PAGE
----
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2010-10-05 9:14 p.m.

Tonight I pressed the button. I paid my $265 and submitted my completed application for the Stanford Graduate School of Business. I've spent months working on this—gathering transcripts, studying for and taking the GRE, writing essays, and getting letters of recommendation.

I've never applied to college before. I was accepted into Cogswell College sight unseen—and given a full scholarship. So, I'm at a disadvantage when it comes to massively complex applications. I'm inexperienced.

Turns out that it's not a terribly easy process, either.

I'm nervous and excited. And I don't know what to do now.

Here are the essays I wrote for the application:


Some say we should focus on making our own dreams come true. For me, helping others make their dreams come true makes mine come true. And, I get the added bonus of experiencing fantastic joy when I see other people thriving. This feeling started at a summer camp I attended from age eight to fifteen.

Outside camp I had few friends, got made fun of, and was a bit of a social reject. I got picked last on the playground for everything. The neighborhood kids beat me up. But things were different at camp. My counselor, Matt Niswonger, made me feel special, important, and valuable. Matt gave me the most responsibility of anyone in the cabin and always included me. He noticed what was important to me and nurtured those parts of me.

Between summers Matt and I were pen pals. His letters encouraged me to pursue some of my passions, especially music and the study of math. (Several years later, thanks to him, I took every math course my college offered. And I actively pursued a career in music that has led me around the world and back.)

When I turned sixteen I couldn’t wait to follow in his footsteps and be a counselor—to recognize what was special about kids and support them in a way that I felt was neglected at school and home. I worked there for ten summers. It’s been several years since I’ve been back, and from time to time I run into a camper on the street or they find me on the Internet. They thank me for supporting and encouraging them to take risks, follow their dreams, and be themselves.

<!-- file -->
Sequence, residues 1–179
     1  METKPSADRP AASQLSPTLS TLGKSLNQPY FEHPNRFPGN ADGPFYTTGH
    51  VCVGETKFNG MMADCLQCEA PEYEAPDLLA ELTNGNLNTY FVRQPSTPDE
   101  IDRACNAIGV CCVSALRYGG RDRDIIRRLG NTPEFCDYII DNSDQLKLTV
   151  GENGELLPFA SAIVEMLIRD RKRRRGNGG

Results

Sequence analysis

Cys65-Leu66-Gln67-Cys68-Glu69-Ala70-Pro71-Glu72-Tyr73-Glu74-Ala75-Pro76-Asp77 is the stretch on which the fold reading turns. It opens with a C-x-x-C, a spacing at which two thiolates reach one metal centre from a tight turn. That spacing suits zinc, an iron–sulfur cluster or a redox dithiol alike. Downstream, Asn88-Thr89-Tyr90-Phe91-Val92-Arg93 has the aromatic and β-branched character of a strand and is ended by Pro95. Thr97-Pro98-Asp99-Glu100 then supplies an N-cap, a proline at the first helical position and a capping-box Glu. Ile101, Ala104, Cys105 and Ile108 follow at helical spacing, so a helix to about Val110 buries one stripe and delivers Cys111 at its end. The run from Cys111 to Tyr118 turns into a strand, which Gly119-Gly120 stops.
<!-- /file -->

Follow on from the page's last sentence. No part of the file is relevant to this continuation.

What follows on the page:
It was during the years as a counselor I discovered my secret agenda, my personal fuel: helping others.

This carries into my professional life. I had the honor of making my first solo album with a great hero, multi-platinum Swedish music producer Christoffer Lundquist. He produced my favorite album (“Stay Free” by his band, Brainpool). I figured I should approach him and ask him to make my record. (I asked myself, “Who would I work with if I had a million dollar budget?” He was number one. Turns out I didn’t have any budget at all. But, he loved what I did and lowered his rate by $75,000 to accommodate me.)

That album was a dream come true. Only I’d never thought to dream quite as big as the reality that happened—swirling orchestras, lush instrumentals, and massively beautiful production. It sounded like Brian Wilson collided with The Beatles. After it was done, I asked him, “You made all my dreams come true. What can I do for you?”

He scratched his beard and answered, “Well, my band Brainpool wrote this rock opera concept album. My biggest dream is to have a proper, theatrical world-premiere of the opera on a stage with lights, acting, dancing, everything.” Making my record he’d brought back those feelings I had as a kid at camp—feeling accepted, recognized, special. I wanted to return the favor.

I started managing his band, Brainpool, and began the long, arduous task of learning how to be a theater producer. Three years later I’d raised the money to put on the first production of the show in Los Angeles. I brought in a director that I discovered at UC Santa Cruz ten years earlier. (Then he was an ambitious teenager with more talent than I’d seen before. I vowed that someday, somehow I would work with him.) I also brought the head of marketing for the Pasadena Playhouse into our organization.

Our opening night sold out and Brainpool flew over from Sweden to see it. There was nothing more satisfying than watching the joy, laughter, and tears on the band’s faces as they saw their musical dream become a three-dimensional reality.

Afterwards, Christoffer hugged me and said, “Thank you. I didn’t think it could be done. But, you did it. You did the impossible. This would have never happened without you.”

I’ve never experienced an award or payment that has rivaled the gratification and feeling of fulfillment I had when helped make my musical hero’s dream come true.

It all started with some camp counselor believing in me and encouraging me decades before.

This is what I want to do with my life forever: make projects happen that turn other people’s dreams into realities.


I have a mantra: I inspire and assist creative people and their projects while creating a legacy of important, lasting art and business.

Some concrete goals: